The city of Saint-Lambert had threatened to sue the city of Montreal and the Ville-Marie borough if the decibel levels from the festival were too high.
Festival director Jacques Aubé told Radio-Canada that organizers have spent $150,000 on measures to better control the sound.
“We invested in…technology to improve the quality of the sound at the site,” he said.
Those measures will help ensure too much residual noise doesn’t leave the venue, he added.
People living in Saint-Lambert, located just across the river from Parc Jean Drapeau, said they’re fed up with the noise and have likened the situation to having a noisy neighbour who holds wild parties every weekend throughout the summer.
In addition to Osheaga, several other music festivals, including Heavy MTL and the Vans Warped Tour, take place in the park.
In March, Saint-Lambert city council voted unanimously to ask Montreal’s downtown borough of Ville-Marie — which is responsible for Parc Jean-Drapeau — to turn down the volume from the 60-decibel limit to 50 decibels.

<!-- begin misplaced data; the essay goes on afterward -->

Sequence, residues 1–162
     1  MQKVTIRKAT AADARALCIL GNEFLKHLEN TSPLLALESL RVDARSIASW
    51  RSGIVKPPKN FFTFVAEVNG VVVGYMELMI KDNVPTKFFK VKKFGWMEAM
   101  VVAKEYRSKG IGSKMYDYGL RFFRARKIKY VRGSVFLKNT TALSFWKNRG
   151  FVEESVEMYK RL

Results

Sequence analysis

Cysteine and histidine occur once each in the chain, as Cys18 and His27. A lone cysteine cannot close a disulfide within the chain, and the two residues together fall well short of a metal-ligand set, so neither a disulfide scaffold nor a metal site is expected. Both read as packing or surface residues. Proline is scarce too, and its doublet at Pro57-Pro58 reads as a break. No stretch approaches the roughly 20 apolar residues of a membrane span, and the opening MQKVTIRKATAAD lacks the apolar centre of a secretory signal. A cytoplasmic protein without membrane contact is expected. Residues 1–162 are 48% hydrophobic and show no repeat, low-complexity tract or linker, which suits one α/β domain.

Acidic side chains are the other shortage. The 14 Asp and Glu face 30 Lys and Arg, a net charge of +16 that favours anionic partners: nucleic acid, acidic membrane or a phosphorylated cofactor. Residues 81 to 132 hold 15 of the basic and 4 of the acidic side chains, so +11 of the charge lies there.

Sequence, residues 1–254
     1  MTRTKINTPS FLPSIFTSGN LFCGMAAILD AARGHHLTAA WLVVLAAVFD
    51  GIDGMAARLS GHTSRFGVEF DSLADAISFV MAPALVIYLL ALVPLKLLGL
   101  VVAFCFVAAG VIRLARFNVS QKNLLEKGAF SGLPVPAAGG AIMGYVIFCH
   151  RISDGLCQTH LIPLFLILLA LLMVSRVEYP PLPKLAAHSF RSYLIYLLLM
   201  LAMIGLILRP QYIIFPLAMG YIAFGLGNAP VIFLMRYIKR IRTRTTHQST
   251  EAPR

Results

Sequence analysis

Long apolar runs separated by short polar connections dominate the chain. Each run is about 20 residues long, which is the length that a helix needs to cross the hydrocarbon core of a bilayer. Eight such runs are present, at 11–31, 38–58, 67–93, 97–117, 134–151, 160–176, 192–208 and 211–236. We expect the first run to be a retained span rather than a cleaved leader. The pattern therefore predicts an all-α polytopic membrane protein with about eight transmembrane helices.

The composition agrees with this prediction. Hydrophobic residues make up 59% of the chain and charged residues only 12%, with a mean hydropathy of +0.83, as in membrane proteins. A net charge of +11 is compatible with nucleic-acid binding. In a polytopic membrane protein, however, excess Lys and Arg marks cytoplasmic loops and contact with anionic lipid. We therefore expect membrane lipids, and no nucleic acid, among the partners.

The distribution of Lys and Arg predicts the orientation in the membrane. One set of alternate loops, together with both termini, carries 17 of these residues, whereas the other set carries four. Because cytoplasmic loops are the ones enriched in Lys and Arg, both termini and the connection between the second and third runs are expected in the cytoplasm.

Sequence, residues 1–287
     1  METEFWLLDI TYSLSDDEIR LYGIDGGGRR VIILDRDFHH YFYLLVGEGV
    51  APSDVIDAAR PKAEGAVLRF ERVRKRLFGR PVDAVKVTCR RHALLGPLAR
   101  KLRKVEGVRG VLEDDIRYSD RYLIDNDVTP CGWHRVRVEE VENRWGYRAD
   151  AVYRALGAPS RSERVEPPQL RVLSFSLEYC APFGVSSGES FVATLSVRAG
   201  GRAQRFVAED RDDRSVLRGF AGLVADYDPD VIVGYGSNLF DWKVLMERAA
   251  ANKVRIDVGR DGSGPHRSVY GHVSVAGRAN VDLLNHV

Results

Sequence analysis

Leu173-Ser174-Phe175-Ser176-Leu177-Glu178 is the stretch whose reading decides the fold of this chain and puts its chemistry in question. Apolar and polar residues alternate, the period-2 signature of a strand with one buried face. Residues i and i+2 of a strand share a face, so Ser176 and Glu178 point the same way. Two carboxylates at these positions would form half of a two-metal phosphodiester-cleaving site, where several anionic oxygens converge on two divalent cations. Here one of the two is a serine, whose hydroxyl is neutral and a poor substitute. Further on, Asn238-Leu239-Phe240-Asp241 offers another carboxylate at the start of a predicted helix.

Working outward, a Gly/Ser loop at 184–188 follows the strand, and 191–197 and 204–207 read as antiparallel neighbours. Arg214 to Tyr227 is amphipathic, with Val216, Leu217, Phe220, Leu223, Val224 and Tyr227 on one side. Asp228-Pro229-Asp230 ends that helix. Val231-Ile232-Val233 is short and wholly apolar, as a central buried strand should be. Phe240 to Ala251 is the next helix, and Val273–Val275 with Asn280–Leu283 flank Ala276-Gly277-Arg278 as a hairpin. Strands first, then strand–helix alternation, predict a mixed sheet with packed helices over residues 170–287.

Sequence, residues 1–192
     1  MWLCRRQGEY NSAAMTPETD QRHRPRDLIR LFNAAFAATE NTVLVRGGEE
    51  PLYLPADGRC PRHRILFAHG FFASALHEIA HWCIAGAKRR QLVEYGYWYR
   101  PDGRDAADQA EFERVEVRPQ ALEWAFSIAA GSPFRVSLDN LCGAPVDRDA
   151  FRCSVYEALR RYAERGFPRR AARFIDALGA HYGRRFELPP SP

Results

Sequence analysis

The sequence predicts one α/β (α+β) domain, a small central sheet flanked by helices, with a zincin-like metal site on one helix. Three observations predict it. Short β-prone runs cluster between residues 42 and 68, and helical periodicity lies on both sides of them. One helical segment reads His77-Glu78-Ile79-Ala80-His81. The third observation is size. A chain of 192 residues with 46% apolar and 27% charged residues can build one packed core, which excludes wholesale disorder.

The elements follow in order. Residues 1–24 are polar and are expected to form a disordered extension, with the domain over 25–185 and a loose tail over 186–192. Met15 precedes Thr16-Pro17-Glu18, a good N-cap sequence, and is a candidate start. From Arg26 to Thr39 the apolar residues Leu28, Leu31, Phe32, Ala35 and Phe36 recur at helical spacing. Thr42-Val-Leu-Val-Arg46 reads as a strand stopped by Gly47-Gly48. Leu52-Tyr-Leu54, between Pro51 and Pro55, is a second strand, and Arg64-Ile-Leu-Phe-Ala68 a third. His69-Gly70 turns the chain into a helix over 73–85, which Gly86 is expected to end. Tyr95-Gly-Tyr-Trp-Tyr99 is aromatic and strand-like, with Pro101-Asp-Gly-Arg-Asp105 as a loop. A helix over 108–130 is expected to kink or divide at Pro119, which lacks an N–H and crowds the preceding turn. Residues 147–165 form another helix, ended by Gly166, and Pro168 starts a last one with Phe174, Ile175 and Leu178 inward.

But rather than lower the sound limit, the Ville-Marie borough voted to do away with the limit altogether.
Saint-Lambert’s city council said it is ready to take Montreal to court if the noise continues.
Councillor Hugues Létourneau said he expects they will collect more proof of the noise pollution this weekend.
"We installed a device to measure the noise on the rooftop of a home," he said.
Létourneau said he believes that Montreal and Ville-Marie have the power to force event organizers to lower the volume of concerts in the park.
The city of Montreal has refused to comment on the issue.
Big crowds expected
A few days before the gates are set to open for the three day festival, the promoter is optimistic about attendance and expects more than 130,000 concert goers.
Attendees come from around the world for Osheaga: more than 55 per cent of ticket purchasers are from outside the province.
This year, the festival features a number of big draws including the reunion of the group Outkast, Jack White, Arctic Monkeys and Lorde.
An additional stage, bringing the total to six, has been added this year to ensure local acts have a piece of the spotlight. Quebecois artists Foxtrott, Alex Nevky and Les Dead Obies are part of this year’s lineup.
The STM has set up a special Metro pass for concert-goers. The pass is valid from Friday at 5 a.m. to Monday at 5 a.m.. It costs $16 and is available at select Metro stations.